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Seattle City Councilmember Bruce Harrell

Archive for November, 2014

Nov 25 2014

Councilmember Harrell Statement on Ferguson Decision

Statement issued 11/25/2014:

SEATTLE – Councilmember Bruce Harrell, chair of the Council’s Public Safety, Civil Rights and Technology Committee, issued the following statement regarding the Ferguson grand jury decision:

“As a society and nation, we have gone through turbulent times between law enforcement and communities of color. After certain incidents of police violence against African Americans, we make incremental changes, but fail to adopt longstanding systematic changes that might prevent future violence in this country. The changes occur independently in each community impacted. Remember, Martin Luther King, Jr. said, ‘Injustice anywhere is a threat to justice everywhere.’ The Rodney King incident resulted in violent riots, but the LAPD is steadily changing for the better. Our City, two decades later, is under a Department of Justice Settlement Agreement to ensure constitutional, bias-free policing. I am hopeful the aftermath of this grand jury decision will lead to a meaningful dialogue between law enforcement and communities of color. The result should lead to positive changes in all cities and police departments. It would be easy to close our ears and not listen; we must demonstrate a capacity and willingness to listen and learn.

“Martin Luther King, Jr. also stated, ‘The arc of the moral universe is long, but it bends towards justice.’ When we roll up our sleeves to turn our reaction into action, I see the bend towards justice as a greater commitment and investment in our black youth through education, jobs, and mentoring. A recent report says Seattle now has the ninth lowest income for African American households. This speaks to the affordability issue in Seattle where many African Americans are having to relocate to the suburbs. As a lifelong resident of Seattle, this is unacceptable. We must do a better job of creating a pathway to success. The two biggest economic drivers in the Seattle region since the recession have been the aerospace industry and companies like Amazon. We need to make a relentless commitment to help our young black males graduate from high school, attend college, and enter fields of science, technology, engineering, and math. Council just added $175,000 in this year’s budget for youth outreach programs like Project M.I.S.T.E.R., which is operated by Southeast Youth and Family Services. Project M.I.S.T.E.R. is a school-based program that provides mentoring and guidance to African American youth. When we demonstrate a laser focus on helping our youth, we have seen results. Cleveland High School just graduated 89 percent of its senior class, rivaling Roosevelt’s 90.3 percent rate and surpassing Ballard’s 87.9 percent rate. When community members, parents, and elected leaders focus on the problem, work together, and take action, we can see results and justice.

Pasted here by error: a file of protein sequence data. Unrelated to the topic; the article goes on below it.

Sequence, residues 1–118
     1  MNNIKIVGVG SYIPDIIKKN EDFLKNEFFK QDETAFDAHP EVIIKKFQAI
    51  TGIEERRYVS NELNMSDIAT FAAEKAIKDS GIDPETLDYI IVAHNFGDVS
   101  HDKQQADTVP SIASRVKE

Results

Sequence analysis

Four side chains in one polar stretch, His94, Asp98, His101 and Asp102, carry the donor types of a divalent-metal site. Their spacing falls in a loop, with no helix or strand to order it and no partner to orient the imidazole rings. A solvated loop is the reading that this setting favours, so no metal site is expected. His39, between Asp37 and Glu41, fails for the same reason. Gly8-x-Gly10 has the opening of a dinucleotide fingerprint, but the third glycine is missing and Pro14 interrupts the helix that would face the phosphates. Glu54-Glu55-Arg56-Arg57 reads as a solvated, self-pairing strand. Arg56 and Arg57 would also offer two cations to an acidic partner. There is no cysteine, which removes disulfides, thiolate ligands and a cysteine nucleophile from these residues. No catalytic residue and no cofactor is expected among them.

“The Ferguson decision is a sobering reminder that we need to equip all police offers with cameras. The family of Michael Brown released a statement after the decision calling on people to join them in their push to, “…ensure that every police officer working the streets in this country wears a body camera.” The public deserves to have clear video evidence of police and civilian interactions, so we can more accurately examine incidents of police misconduct and produce video and audio evidence when shootings occur. The grand jurors in the case heard 70 hours of testimony from roughly 60 witnesses with differing accounts. One answer to prevent the incident at Ferguson from occurring again is to deploy body cameras on all police officers.”

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Nov 04 2014

City of Seattle launches digital privacy initiative

News Release issued 11/03/2014 (From the Office of the Mayor):

City of Seattle launches digital privacy initiative

SEATTLE (Nov. 3, 2014) – Mayor Ed Murray and Councilmembers Bruce Harrell and Mike O’Brien today announced a citywide privacy initiative, aimed at providing greater transparency into the City’s data collection and use practices.